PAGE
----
For the poor in the developing world, poverty isn't just living below some proverbial “poverty line” — it’s a reality. It pulls at the hearts of the destitute, and brings about barriers to dignity and opportunity.
In 2008, Jason Williams traveled to Haiti and the Dominican Republic as an executive intern with HOPE International to witness the poverty 10 million people experience daily in those nations. While there, he learned how HOPE works to alleviate physical and spiritual poverty by providing small loans — sometimes as little as $50 — to hard-working entrepreneurs who otherwise have little access to banking services.
“I saw how small loans can fuel small business and transform lives,” Williams says. “Tiny loans can make a big difference!”
The practice of using small loans to combat poverty is known as microfinance. And the real beauty of microfinance, says Williams, is its sustainable approach to helping the poor. As clients pay back their loans, more capital is created to provide more loans to other entrepreneurs — effectively recycling the money over time.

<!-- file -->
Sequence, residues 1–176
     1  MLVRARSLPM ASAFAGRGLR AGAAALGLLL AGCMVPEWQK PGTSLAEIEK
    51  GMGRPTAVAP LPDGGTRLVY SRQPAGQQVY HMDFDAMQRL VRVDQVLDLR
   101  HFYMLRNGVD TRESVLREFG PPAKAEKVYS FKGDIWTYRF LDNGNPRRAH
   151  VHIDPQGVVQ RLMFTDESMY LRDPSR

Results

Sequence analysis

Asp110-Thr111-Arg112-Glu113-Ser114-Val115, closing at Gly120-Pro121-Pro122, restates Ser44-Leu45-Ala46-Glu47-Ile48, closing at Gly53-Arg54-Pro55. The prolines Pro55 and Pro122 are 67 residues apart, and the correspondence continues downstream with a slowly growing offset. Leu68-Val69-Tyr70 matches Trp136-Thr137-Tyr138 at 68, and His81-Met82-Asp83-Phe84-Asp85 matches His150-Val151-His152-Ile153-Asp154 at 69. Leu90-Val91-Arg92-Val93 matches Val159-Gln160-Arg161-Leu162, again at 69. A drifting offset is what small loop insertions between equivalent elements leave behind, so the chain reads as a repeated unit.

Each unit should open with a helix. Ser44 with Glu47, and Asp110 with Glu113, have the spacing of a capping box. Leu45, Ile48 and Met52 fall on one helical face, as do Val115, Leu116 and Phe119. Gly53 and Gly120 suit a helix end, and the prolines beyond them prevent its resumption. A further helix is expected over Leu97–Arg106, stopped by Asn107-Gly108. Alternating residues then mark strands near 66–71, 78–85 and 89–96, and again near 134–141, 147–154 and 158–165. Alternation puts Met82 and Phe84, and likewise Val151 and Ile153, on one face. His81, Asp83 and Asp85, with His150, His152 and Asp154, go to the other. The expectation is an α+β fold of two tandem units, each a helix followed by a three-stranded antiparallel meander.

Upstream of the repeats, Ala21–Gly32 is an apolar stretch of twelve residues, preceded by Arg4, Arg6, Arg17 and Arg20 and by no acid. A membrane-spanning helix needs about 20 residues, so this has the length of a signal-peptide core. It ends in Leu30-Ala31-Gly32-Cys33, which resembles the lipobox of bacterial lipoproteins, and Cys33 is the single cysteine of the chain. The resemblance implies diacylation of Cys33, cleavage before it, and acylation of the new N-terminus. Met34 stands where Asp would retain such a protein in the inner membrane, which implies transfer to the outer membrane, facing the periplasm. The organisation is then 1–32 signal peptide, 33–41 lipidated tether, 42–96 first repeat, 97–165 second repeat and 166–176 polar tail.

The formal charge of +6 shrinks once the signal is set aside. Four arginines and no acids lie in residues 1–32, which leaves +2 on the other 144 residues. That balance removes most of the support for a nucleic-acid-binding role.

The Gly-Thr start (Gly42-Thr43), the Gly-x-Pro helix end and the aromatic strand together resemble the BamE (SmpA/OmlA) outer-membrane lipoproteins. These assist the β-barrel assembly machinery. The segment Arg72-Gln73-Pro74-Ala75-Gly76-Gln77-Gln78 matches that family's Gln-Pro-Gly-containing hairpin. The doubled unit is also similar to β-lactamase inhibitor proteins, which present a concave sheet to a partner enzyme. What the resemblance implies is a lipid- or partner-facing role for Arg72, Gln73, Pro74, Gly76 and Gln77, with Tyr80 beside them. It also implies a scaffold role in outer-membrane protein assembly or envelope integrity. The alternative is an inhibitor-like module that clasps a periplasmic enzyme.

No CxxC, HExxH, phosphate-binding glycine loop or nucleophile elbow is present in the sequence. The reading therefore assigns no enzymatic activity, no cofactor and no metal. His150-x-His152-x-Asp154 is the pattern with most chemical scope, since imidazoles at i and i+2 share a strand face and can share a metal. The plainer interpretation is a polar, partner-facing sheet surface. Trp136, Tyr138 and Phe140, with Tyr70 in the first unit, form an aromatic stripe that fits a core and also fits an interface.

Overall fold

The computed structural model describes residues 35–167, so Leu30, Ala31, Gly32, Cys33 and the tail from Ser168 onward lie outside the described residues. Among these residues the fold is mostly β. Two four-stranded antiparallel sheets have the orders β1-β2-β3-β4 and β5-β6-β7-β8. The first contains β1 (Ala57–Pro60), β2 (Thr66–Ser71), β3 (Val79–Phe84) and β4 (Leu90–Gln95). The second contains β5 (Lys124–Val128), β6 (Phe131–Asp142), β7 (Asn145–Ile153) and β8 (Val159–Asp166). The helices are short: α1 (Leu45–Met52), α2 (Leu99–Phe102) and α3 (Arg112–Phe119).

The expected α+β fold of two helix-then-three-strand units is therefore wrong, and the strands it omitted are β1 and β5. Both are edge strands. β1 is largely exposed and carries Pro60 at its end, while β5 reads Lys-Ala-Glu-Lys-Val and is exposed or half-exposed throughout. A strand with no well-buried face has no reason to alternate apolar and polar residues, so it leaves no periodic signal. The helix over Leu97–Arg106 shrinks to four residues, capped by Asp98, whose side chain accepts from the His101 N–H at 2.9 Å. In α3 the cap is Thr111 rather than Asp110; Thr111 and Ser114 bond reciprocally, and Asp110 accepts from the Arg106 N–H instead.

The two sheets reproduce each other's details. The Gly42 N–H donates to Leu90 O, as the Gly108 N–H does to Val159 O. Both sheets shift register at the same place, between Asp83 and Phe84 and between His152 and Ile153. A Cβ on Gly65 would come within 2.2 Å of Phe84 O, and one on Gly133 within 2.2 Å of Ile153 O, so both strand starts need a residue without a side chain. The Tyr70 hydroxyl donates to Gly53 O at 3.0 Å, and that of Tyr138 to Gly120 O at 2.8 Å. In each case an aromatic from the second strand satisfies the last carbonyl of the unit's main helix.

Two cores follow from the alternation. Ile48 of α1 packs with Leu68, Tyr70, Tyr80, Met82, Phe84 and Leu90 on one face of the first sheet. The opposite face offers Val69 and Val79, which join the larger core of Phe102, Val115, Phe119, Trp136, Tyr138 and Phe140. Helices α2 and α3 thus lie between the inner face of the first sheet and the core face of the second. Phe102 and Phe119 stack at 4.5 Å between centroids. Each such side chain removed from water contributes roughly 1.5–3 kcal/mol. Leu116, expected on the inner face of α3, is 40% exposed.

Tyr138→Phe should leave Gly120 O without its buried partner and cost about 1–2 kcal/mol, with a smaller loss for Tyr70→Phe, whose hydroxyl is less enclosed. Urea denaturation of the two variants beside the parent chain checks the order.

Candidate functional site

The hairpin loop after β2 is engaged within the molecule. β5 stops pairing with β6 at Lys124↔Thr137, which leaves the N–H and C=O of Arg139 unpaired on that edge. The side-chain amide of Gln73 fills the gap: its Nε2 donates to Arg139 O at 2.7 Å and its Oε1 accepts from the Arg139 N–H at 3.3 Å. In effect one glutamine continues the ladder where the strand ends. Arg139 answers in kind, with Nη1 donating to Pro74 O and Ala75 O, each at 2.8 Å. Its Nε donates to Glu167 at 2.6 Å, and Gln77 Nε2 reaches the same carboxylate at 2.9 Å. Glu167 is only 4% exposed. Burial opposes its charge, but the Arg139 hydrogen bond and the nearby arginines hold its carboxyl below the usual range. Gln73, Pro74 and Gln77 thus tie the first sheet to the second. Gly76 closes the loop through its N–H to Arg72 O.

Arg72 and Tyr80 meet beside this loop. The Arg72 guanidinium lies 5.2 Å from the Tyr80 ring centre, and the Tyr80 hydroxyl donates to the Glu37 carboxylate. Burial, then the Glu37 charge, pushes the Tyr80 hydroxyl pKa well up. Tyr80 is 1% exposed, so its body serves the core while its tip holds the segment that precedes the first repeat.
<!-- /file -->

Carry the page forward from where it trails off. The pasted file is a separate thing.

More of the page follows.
Hooked on the practical power of microfinance, Williams partnered with SPU Professor of Business Ethics Kenman Wong and with John Terrill of SPU’s Center for Integrity in Business to host the first-ever Pacific Northwest Microfinance Conference, held on SPU’s campus in May 2009.
“Nearly every major microfinance organization based in the Pacific Northwest was involved,” Wong says. “We’re especially excited that both faith-based and non-faith-based organizations came together to address an important humanitarian issue.”
Looking back, the presidential citation award winner says he’s learned a lot through his time at SPU. And looking ahead?
“I want to use my business skills to help the poor,” Williams says. “But first, some friends and I are starting a social venture called Olive Only . We’ll strive to produce and deliver a national line of food products that uses olive oil as its foundational ingredient — to help reduce obesity and improve cardiac health.”